What Being An LLC Means For Your Taxes
We hear it all the time in the tax industry, “I need to file as an LLC.”
There is a common misconception at play here, a Limited Liability Company (LLC) has no bearing whatsoever on what entity you file with the IRS! An LLC is a state designation with the purpose of protecting the owners’ personal finances from being at risk if the business goes belly up.
So you might be wondering, “Which entity type am I?” The following questions can help you determine what designation the IRS thinks you are and what Forms and Schedules you might be expected to file.
An EIN is required for many business entities to be established, one of which is an LLC with partners. Filing for an EIN is also one of the first ways in which you indicate to the IRS what entity you will be designated as. So if you have an EIN, the IRS knows you exist and already expects certain Forms or Schedules from you during your next tax year.
If you do not have an EIN, there is no other designation that you would be eligible for other than a Sole Proprietor, although you can still have an EIN and be a Sole Proprietor. If you think you are a C-Corp, S-Corp, or Partnership but you do not have an EIN, you missed a step during your company formation process.
Do You Have Partners?If you have partners but have not yet elected to file as a S-Corp or C-Corp with the IRS, then you will be considered a partnership. If this is the case, you can expect to file a Form 1065 by the tax deadline for partnerships, which is generally March 15th (sometimes later than weekends). After filing a Form 1065, each partner receives a K-1 which designates their portion of the profit/loss and is entered on that partner’s individual tax return, 1040.
If you do not have partners and have not filed for a C-Corp election you would be considered a Sole Proprietor and can file a Schedule C as part of your individual tax return.
Have You Made A Formal Election?
If you file for an EIN the IRS already has a designation in mind for you as discussed above. You can now, however, make a formal election to be considered anS-Corp or C-Corp based on whether you fit the required criteria. A S-Corp is a specific type of corporation that fits a few specific requirements noted under IRS code Subchapter
S. Make sure you are aware of the pros and cons of the potential designations before you make an election as you can not change it back and forth at will.
The Common Forms And Schedules By Entity Type
Now that you hopefully have a good idea as to what entity type the IRS has you designated as, we can provide some insight into what forms and schedules you might be expected to file.
As a sole proprietor, you will be required to fill out a Schedule C if there was any income or deductible expenses for the year. Any net profit or loss from your business (this includes side gigs like Uber), comes from the calculations on your Schedule C and ends up on your personal tax return (1040). This of course means that if you have to fill out a Schedule C, you have to file your 1040 as well.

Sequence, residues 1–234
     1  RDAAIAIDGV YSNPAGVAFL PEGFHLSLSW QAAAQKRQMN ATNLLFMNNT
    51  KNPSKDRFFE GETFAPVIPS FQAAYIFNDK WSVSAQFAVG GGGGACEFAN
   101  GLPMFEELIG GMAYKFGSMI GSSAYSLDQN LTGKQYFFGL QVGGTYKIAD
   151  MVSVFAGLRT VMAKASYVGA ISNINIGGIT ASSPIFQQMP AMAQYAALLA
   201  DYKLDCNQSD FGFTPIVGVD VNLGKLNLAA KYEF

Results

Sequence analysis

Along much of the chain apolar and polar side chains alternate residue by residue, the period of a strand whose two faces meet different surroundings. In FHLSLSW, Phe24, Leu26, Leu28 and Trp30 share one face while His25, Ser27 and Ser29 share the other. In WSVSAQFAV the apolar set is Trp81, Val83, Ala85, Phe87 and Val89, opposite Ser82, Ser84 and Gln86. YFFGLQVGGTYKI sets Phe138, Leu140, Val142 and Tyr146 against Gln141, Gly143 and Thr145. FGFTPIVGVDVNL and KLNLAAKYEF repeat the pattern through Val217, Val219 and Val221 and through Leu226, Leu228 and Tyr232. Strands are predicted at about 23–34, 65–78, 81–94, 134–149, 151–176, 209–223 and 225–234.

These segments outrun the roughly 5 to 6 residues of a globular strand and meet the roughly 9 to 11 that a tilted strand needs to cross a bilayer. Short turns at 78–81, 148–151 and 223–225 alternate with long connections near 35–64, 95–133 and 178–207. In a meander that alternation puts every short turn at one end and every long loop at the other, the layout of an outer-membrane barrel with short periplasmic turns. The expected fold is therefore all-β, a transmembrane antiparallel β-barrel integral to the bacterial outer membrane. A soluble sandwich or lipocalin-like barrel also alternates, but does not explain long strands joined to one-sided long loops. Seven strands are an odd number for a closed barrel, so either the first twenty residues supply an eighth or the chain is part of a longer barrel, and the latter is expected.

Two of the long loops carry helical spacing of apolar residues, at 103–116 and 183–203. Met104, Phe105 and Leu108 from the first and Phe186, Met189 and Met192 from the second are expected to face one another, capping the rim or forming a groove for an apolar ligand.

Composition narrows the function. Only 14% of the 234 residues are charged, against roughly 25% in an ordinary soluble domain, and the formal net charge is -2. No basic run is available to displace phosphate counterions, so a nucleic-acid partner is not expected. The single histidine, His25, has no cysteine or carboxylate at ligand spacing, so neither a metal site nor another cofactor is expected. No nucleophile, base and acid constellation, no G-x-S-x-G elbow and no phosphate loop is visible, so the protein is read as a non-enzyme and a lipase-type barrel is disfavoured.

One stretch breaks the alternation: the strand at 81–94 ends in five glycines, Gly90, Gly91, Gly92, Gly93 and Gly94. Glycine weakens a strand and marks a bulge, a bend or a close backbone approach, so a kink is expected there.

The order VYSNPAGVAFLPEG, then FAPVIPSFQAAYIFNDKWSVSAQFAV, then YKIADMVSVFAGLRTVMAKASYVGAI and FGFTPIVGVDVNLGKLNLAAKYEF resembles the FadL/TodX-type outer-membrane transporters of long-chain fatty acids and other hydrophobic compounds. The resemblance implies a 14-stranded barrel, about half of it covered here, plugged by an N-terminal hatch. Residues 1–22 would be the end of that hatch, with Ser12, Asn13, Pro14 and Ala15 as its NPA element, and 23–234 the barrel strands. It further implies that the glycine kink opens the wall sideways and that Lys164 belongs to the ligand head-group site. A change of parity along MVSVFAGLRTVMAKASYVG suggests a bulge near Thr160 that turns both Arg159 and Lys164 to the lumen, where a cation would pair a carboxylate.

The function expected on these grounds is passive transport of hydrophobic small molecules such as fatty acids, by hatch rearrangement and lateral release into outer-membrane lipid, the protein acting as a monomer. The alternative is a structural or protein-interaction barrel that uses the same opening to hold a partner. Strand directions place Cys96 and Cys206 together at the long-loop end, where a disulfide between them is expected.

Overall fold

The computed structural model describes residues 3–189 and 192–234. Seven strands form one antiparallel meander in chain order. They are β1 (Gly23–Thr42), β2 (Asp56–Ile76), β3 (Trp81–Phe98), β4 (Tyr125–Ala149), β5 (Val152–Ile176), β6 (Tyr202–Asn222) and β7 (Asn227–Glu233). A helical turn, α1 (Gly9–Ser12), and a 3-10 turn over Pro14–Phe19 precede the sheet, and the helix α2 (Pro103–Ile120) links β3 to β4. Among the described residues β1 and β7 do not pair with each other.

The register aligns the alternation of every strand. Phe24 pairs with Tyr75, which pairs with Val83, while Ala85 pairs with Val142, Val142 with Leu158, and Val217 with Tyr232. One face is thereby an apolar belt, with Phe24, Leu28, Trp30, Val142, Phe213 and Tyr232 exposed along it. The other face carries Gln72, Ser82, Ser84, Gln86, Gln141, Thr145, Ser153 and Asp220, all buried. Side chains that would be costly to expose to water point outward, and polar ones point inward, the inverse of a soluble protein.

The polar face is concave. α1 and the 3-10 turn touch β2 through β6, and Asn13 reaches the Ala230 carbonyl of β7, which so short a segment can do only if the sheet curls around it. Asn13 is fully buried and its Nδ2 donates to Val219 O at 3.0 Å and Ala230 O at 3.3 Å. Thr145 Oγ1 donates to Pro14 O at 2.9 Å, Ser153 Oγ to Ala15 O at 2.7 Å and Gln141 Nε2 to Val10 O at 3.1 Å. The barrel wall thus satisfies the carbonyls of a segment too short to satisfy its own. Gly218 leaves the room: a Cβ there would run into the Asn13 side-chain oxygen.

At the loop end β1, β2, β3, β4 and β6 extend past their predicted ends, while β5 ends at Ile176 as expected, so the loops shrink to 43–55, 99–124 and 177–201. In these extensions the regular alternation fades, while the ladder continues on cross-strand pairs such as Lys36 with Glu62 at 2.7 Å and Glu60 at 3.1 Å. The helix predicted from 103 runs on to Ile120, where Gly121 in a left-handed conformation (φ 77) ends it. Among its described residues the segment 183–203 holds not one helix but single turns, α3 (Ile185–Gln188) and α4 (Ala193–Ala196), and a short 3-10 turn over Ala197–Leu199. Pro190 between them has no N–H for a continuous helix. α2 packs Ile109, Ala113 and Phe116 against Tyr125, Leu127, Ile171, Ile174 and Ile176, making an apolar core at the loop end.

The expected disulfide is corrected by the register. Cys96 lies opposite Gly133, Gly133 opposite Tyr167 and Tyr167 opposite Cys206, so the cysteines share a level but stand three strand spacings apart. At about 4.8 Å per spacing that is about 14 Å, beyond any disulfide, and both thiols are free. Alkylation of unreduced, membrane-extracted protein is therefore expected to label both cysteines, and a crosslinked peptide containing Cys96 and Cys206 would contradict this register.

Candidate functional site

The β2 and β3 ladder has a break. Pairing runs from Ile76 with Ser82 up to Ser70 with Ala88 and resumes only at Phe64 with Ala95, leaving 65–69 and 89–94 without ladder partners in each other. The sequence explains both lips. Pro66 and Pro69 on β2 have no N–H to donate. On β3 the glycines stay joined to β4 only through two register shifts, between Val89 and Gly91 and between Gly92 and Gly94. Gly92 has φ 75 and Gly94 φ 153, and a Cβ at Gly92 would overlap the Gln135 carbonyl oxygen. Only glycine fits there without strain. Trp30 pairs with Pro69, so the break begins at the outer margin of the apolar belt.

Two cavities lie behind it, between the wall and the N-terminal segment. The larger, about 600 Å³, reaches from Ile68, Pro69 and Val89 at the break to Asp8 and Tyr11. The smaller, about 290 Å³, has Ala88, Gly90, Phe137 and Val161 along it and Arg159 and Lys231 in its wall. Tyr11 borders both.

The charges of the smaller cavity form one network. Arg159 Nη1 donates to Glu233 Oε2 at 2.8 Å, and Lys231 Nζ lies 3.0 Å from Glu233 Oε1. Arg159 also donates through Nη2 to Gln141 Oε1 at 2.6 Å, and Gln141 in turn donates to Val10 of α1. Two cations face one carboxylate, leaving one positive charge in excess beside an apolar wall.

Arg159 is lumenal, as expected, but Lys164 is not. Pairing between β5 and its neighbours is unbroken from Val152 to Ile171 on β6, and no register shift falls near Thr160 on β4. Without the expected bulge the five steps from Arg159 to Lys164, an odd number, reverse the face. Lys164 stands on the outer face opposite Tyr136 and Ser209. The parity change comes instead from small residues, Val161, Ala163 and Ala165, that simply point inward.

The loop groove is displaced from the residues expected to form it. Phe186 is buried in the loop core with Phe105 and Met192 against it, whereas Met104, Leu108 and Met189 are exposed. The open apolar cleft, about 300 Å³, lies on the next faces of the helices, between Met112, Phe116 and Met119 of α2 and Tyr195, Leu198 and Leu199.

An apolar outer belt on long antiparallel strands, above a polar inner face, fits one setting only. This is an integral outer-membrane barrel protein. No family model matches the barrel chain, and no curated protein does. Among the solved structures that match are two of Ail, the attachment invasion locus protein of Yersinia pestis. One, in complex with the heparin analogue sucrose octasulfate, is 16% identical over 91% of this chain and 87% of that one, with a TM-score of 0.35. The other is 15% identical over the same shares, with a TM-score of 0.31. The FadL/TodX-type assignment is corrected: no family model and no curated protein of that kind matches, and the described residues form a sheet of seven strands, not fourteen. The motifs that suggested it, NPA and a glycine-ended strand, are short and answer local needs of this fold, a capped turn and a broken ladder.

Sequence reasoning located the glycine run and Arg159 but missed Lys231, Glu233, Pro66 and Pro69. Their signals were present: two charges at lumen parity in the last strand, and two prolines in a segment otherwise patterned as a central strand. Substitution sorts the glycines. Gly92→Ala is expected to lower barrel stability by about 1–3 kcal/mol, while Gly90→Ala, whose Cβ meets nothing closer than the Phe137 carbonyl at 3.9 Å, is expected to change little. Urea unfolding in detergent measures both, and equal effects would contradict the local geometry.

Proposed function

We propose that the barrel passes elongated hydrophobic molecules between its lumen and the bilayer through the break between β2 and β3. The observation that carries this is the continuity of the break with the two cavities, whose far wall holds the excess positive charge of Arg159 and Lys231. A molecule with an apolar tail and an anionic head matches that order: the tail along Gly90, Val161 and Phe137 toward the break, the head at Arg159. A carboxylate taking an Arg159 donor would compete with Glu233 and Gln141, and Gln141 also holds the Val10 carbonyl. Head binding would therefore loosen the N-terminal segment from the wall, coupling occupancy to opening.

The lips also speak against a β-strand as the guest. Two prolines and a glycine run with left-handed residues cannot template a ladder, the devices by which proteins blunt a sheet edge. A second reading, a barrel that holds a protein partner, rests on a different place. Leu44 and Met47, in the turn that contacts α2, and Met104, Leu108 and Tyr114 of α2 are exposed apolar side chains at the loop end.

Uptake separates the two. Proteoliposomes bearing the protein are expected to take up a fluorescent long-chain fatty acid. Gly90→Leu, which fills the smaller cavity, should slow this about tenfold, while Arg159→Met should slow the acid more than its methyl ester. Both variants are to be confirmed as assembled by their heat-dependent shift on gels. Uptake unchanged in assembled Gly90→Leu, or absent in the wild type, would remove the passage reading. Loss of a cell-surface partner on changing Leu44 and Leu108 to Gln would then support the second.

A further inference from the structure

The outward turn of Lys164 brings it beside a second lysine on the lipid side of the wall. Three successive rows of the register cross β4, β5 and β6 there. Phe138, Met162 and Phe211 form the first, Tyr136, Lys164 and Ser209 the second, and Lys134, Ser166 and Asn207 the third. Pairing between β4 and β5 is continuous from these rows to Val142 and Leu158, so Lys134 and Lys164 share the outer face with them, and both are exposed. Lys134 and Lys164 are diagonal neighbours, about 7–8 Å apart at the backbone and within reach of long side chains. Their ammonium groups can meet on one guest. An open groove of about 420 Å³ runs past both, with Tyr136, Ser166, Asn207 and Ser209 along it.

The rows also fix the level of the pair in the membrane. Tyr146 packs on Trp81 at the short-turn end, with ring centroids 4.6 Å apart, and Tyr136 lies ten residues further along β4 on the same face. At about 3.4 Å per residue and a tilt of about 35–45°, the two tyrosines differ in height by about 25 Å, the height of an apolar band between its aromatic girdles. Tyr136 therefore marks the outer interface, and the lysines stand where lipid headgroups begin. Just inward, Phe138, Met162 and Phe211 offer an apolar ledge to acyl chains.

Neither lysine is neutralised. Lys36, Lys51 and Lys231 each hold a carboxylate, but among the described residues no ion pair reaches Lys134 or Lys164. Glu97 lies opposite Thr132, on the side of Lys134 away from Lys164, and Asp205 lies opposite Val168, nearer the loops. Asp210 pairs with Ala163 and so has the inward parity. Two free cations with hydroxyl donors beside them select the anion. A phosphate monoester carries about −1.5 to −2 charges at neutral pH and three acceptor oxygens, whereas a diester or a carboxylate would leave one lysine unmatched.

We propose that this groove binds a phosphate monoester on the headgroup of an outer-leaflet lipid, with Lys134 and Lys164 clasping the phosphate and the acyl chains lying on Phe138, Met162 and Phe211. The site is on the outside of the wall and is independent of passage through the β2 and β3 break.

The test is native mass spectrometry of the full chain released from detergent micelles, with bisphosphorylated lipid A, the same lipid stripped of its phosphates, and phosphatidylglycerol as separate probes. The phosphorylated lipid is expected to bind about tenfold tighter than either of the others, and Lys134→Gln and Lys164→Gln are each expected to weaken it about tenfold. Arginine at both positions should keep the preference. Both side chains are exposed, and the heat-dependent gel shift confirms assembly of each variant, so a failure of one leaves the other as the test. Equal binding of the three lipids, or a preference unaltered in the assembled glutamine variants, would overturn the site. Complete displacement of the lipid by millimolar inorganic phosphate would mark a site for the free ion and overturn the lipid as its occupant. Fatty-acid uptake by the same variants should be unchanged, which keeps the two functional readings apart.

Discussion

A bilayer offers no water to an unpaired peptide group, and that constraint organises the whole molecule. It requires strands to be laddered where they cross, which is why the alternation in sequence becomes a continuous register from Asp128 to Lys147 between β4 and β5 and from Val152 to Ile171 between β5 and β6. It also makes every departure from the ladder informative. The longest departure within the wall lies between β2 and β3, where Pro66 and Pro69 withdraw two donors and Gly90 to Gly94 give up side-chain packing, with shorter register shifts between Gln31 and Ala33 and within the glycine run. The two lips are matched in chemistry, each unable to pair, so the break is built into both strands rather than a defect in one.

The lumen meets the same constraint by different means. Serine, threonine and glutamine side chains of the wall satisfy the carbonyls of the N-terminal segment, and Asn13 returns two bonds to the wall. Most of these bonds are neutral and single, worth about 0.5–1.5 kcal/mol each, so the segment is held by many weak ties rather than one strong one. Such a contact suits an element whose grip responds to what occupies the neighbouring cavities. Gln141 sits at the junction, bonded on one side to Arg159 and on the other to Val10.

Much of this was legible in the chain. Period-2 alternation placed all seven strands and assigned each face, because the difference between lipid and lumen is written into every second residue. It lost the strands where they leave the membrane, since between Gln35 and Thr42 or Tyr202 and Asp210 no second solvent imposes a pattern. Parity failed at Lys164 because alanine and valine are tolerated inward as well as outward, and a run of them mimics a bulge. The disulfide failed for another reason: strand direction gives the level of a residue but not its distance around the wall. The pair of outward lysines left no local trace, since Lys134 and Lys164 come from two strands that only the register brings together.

There are several different types of partnerships but today we will just focus on partnerships in general. With a partnership, you can expect to file a Form 1065. Since partnerships have multiple individuals who need to account for the profit/loss on their individual tax returns, their returns are due about a month prior to your personal tax return.
By filing a 1065, a K-1 is generated and sent to both the IRS and the individual partners. This K-1 tells you what you need to enter on Schedule E to be submitted with your year’s 1040 personal return. The K-1 also tells the IRS what to expect on Schedule E.
S-Corps are sort of like half a corporation and half a partnership. You have to file a 1120S, and the profit/loss passes on to the shareholders to be included in their personal return. Being an S-Corp requires that you pay any owners who work for the business a “reasonable salary” which includes payroll taxes.
The benefit of an S-Corp is that any distributions paid out are not subject to payroll tax and are instead taxed as a Qualified Dividend. The benefit of an S-Corp over a C-Corp is you avoid double taxation, whereas its benefit over a Partnership is you avoid a portion of the payroll tax.
A C-Corp files 1120 with any wages paid to you showing up in a normal W2 and any distributions generally being taxed as Qualified Dividends using the capital gains rate and showing up in a 1099-DIV.
During this process, the owner of the C-Corp will see corporate-level taxes at the corporate tax rate, individual and payroll taxes through their salary (if they work there), and then a capital gains tax for any distributions received during that year.
So Now You Know What Your Filing For Your LLC
Now that you know how the IRS categorizes your business, and what forms you are likely to file, it is important to note that any errors in this process are often penalized heavily by the IRS.
It is for this reason that we recommend you contact a professional tax agent such as those at Vertices Accounting & Tax. We help hundreds of business owners avoid painful penalties and interest every year by filing the correct forms on time. If you choose not to use a tax professional, that’s ok too! We hope we were able to clear up the confusion behind “filing taxes as an LLC.”Read Also: